Can Vitamin D Lower the Risk of Respiratory Infections?

When it comes to a healthy immune system to fight respiratory infections, there’s some conflicting views about what actually helps and what does not. The research on the efficacy of vitamin D for fighting off an infection is particularly impressive, especially when compared to that of other vitamins and supplements. For example, a 2017 study, published in the British Medical Journal (BMJ) found that taking a vitamin D supplement reduced the risk of acute (sudden and severe) upper respiratory infection in every participant involved in the study.

What is it about vitamin D that lends itself to such impressive study results? Can vitamin D really help prevent the common cold?

What Is Vitamin D?

Vitamin D is a fat-soluble vitamin that can be found in just a few food sources. It can also be synthesized (made) in the human body as a result of exposure to the ultraviolet (UV) rays in sunlight. A fat-soluble vitamin is one that can be dissolved in fats and oils, is absorbed along with fats in the diet, and is stored in fat tissue in the body.

The Function of Vitamin D

A primary function of vitamin D is to promote calcium absorption (needed for healthy bones). This is one reason Vitamin D is added to milk products, ensuring that calcium in milk is readily absorbed by the body to promote healthy bone growth.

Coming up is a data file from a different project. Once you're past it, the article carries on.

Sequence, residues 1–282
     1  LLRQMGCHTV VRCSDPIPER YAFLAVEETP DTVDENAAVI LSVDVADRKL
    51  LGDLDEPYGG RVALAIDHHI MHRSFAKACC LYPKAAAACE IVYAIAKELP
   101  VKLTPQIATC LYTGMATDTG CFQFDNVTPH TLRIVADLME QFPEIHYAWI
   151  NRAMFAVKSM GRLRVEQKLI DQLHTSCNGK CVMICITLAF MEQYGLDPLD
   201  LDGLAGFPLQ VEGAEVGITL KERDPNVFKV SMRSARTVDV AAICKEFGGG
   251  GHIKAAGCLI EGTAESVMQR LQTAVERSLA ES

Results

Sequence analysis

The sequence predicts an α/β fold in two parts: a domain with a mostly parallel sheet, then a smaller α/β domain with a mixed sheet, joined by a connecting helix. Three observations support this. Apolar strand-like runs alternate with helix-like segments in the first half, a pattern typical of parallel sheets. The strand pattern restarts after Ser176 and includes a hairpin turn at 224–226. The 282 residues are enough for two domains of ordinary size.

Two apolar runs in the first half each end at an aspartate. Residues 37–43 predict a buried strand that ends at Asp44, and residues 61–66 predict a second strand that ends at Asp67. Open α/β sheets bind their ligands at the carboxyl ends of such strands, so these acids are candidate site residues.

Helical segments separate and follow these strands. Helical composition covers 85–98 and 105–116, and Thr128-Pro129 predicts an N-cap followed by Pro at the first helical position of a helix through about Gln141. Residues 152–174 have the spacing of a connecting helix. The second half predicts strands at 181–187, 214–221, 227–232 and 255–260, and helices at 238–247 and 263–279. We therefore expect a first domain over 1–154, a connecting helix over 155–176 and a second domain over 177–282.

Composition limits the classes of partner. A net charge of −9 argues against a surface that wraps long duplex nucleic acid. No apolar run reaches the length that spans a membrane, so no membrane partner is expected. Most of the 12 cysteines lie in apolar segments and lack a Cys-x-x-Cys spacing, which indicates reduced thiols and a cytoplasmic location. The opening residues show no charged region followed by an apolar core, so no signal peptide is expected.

Vitamin D supplementation in U.S. milk products began in an effort to prevent rickets (a childhood disease involving soft, distorted bones, often resulting in bow-legs, from vitamin D deficiency). Vitamin D also helps protect against osteoporosis in older people.

Vitamin D is also used by the body to:

  • Promote cell growth
  • Promote neuromuscular (nerves and muscles) function
  • Reduce inflammation
  • Influence immune function

Vitamin D and the Immune System

The immune system defends the body against foreign organisms such as bacteria, viruses, and parasites. Not only does the immune system kill foreign invaders, but it also develops a protective ability (acquired immunity) to prevent future infections.

Vitamin D has been shown to have many effects on immune cells, enhancing the body’s ability to fight infection and decrease inflammation. Vitamin D has also been found to regulate acquired immune response (also called the adaptive immune response). A deficiency of vitamin D is linked to increased susceptibility to infection.

Historical Use

In the past, Vitamin D was unintentionally used to treat infections, such as tuberculosis, before antibiotics were available. Tuberculosis patients were sent to long-term care centers called sanitariums. They were treated with sunlight, which was thought to kill tuberculosis, when in fact the sunlight was producing vitamin D in the body. The vitamin D, not the sunlight is now thought to be the causative factor in the positive response the tuberculosis patients realized from sunlight exposure.

Another common treatment for tuberculosis was cod liver oil (rich in vitamin D). Cod liver oil has been used for many years as a preventative measure to protect from infections.

Studies on Vitamin D to Prevent Respiratory Infections

A systematic review of 25 controlled studies published in The BMJ found that vitamin D supplementation “reduced the risk of acute respiratory infection among all participants,” according to the study authors. The study also found that those who have low vitamin D levels, who take vitamin D3 supplements daily or weekly (rather than in one large dose), realized the highest level of benefits when it came to preventing acute respiratory infections.

The type of infections that are considered acute respiratory infections (ARTIs) include:

Coronavirus (COVID-19) and Vitamin D